Reviewed by Mohsin Siddiqui
The disadvantage of reading Karachi: Our Stories in Our Words on a trans-continental flight is that it is next-to-impossible to rid oneself of the book in any sort of permanent way. Eager flight attendants scurry down the length of the cabin, bearing it aloft in triumph, reminding you that you “left something behind”.
Why, yes. Yes I did. Curses upon you, flight crew, and upon your efficiency too. If indeed karma exists, I can assure you, payback will be severe (and drawn-out, if I have anything to say about it).
The blurb at the back of this collection reads as follows: “There are stories of kindness and empathy. And there are themes of deep income disparity and social justice. There is nostalgia for a time gone by in Karachi, a new awareness of its past history, a love of the beach and the sea. There is deep pain in these stories — of the loss of loved ones, of violence and murder and target killings — and a real sense of belief and hope for a better future.” This should probably have been my first warning.
Of the 99 stories printed under the aegis of Maniza Naqvi’s editorial eye, approximately 95 of them deal with all of the above themes, with the exception of “a real sense of belief and hope for a better future.” Quite frankly, were a reader to assume these stories as a representative baseline for Karachi’s future, it wouldn’t seem to have much of one, other than as a charred apocalyptic wasteland.
The tales in Karachi were solicited via a newspaper placement, and it shows. With the exception of a handful of sharp, evocative accounts (‘The Reprieve: No Bikini but Plenty of Attitude’ comes to mind), they are all remarkably puerile. Perhaps the aim of the collection was to be a real or accurate chronicle of how everyday Karachiites experience the city. But if editorial curatorship means anything at all, I suspect the same quality of work could have been directly solicited from a group of teenagers’ college application essays.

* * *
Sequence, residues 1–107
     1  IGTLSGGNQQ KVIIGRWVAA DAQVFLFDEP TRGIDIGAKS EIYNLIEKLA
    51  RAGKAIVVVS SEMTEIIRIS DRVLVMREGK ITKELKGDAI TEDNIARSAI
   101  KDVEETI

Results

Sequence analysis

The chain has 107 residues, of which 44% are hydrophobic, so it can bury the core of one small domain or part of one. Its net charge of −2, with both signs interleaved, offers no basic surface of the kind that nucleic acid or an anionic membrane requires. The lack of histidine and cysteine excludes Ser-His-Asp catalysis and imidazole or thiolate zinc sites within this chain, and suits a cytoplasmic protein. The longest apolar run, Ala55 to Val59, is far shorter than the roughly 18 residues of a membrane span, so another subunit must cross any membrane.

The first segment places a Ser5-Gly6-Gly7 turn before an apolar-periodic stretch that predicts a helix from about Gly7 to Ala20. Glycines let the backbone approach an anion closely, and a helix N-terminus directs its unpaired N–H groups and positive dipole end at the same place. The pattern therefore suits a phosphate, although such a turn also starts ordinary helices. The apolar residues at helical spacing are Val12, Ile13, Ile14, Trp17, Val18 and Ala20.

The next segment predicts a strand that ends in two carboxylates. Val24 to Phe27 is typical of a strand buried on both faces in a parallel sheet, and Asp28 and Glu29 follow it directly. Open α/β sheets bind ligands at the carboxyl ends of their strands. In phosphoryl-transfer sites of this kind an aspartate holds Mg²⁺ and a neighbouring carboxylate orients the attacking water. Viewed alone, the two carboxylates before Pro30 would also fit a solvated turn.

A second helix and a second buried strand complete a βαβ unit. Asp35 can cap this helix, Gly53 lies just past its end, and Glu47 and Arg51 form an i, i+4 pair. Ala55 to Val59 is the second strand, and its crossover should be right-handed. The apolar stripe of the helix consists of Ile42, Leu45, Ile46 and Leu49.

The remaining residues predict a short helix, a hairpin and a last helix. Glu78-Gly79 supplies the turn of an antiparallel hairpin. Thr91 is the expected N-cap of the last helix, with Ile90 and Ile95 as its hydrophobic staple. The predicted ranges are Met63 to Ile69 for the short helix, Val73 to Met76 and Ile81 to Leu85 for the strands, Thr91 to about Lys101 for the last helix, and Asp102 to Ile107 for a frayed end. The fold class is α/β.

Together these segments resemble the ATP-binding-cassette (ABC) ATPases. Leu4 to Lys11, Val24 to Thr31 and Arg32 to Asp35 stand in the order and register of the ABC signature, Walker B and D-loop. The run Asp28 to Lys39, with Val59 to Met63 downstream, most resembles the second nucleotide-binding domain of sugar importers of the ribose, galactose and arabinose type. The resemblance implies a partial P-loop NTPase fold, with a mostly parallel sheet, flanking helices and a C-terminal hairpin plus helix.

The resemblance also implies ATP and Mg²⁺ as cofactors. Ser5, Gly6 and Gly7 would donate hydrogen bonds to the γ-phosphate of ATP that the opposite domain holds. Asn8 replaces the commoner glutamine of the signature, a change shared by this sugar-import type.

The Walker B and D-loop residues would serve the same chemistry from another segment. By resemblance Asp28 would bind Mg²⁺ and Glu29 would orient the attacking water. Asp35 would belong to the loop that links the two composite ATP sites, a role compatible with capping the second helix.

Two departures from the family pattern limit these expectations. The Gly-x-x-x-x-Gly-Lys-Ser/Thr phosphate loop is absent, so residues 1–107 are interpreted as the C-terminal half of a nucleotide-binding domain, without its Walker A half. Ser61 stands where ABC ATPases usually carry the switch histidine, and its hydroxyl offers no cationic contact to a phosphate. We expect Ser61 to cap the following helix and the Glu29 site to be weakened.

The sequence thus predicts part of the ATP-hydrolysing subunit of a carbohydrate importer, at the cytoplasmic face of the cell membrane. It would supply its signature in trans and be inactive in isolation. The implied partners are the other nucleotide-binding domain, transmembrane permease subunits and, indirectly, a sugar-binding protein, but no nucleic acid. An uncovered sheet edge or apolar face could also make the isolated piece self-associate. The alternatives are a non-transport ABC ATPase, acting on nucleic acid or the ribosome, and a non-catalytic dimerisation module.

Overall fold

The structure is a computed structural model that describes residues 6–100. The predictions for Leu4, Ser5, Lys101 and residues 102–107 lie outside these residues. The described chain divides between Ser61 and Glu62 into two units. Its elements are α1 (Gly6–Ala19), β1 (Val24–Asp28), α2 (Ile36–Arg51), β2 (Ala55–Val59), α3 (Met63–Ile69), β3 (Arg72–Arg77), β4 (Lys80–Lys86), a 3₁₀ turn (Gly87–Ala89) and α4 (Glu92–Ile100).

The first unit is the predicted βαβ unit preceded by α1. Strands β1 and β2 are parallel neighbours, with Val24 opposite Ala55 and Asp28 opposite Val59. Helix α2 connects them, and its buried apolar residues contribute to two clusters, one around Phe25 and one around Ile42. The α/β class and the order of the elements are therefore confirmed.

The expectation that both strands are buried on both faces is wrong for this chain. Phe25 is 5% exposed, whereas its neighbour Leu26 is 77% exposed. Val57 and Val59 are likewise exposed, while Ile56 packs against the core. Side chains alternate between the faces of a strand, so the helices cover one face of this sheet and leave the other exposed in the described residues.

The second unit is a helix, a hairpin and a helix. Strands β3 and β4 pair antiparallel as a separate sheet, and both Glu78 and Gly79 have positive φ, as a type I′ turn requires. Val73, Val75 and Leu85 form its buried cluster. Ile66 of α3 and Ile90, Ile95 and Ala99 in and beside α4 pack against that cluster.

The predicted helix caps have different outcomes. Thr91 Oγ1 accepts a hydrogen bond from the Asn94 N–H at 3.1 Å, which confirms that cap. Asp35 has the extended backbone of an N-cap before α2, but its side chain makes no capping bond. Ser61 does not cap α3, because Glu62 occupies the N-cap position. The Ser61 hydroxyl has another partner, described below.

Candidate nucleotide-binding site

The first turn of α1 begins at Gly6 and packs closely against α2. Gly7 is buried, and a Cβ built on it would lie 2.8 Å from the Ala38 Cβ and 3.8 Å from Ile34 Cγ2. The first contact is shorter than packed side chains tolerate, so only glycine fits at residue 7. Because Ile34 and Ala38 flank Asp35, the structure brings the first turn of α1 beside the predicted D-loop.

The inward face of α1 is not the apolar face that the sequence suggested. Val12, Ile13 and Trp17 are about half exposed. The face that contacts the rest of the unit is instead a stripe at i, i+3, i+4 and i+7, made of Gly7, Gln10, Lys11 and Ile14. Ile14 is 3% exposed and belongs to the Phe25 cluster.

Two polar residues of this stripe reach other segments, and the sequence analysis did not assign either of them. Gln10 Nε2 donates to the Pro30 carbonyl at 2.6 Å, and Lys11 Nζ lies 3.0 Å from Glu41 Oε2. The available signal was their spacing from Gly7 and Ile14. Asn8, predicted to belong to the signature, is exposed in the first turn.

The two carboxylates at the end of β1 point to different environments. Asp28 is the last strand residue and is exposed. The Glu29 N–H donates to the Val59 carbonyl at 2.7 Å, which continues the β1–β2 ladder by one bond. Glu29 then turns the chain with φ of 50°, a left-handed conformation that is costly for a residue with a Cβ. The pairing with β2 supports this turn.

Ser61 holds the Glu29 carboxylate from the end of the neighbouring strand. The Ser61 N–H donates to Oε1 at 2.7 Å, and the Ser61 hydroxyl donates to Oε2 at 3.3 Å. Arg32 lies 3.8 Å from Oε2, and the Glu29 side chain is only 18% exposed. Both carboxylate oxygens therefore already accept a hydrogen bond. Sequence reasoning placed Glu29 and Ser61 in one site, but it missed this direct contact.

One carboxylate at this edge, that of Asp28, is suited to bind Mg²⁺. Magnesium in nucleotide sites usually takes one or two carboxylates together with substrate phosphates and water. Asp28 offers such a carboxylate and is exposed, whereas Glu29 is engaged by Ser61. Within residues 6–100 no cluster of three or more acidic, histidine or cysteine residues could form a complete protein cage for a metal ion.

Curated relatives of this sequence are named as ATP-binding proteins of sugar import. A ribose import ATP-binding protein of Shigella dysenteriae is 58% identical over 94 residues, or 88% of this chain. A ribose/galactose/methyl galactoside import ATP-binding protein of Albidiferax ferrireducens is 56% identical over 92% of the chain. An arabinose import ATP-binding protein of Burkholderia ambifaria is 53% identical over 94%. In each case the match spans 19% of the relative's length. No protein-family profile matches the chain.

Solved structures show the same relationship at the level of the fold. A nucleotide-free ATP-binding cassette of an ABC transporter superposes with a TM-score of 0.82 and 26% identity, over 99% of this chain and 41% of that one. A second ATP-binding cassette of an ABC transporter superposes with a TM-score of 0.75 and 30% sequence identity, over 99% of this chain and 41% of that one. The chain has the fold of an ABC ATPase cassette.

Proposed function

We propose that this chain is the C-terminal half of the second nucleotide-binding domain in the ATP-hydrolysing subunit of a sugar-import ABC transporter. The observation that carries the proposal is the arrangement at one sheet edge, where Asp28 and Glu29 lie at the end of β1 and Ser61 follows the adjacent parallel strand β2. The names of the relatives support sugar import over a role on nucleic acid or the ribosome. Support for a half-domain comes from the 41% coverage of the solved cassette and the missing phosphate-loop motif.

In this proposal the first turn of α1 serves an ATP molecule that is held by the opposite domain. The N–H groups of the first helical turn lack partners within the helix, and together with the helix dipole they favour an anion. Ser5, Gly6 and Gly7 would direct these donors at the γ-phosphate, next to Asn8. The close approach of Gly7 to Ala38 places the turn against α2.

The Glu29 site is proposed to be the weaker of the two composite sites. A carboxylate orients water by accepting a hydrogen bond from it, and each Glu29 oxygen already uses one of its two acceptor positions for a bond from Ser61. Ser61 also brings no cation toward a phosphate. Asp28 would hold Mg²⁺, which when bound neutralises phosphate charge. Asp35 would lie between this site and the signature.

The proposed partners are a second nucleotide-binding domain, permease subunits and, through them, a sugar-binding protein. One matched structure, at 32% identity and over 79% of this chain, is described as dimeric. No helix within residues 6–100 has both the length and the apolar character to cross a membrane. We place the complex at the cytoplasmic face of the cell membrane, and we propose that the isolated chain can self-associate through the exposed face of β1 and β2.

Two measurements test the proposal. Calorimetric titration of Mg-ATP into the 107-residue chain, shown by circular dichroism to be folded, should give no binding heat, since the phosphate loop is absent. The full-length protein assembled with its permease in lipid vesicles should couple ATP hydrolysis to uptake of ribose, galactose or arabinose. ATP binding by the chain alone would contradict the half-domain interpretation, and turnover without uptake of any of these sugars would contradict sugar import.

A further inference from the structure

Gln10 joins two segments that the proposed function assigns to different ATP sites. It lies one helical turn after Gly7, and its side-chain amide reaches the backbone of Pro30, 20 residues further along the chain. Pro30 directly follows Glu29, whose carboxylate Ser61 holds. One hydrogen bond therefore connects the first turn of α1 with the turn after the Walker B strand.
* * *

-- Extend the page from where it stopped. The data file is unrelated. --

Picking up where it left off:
There are melodramatic tales of repentant criminals whose only exculpation comes from suicide (see ‘The Unknown Man’), of ill-done-by office peons whose cruel bureaucrat bosses, not content with verbal abuse also steal their prized possessions and get their just desserts (as per ‘The Heirloom,’ such behaviour is rewarded with death-by-suicide-bomber). In ‘Murad Ali,’ a rich,
arrogant man eats crow when the life of his son is saved by the same person he unjustly accuses of being a grifter (suffice it to say that the last sentences here include: “God has made you a comfort for humanity,” and “I was intoxicated by my wealth and was devoid of the passion of human kindness”).
At the risk of glossing over the occasional story that is genuinely evocative in some way, rather than pedantic or a morality tale with all the finesse and subtlety of the explosions it describes, it is hard to read this collection of tales and not be affected by it — and not in a good way.
Perhaps the intent of the collection was to show what newspaper headlines constantly trumpet about Karachi and its inhabitants, that mysterious “resilience” we all apparently possess in spades. Perhaps there was difficulty in translating all these stories from the various languages in which they were submitted originally. Maybe the only things that people genuinely consider worth writing about when it comes to Karachi are (1) bombs, (2) muggings, (3) assassinations, (4) the downtrodden poor, (4) more bombs, and (5) random shootings.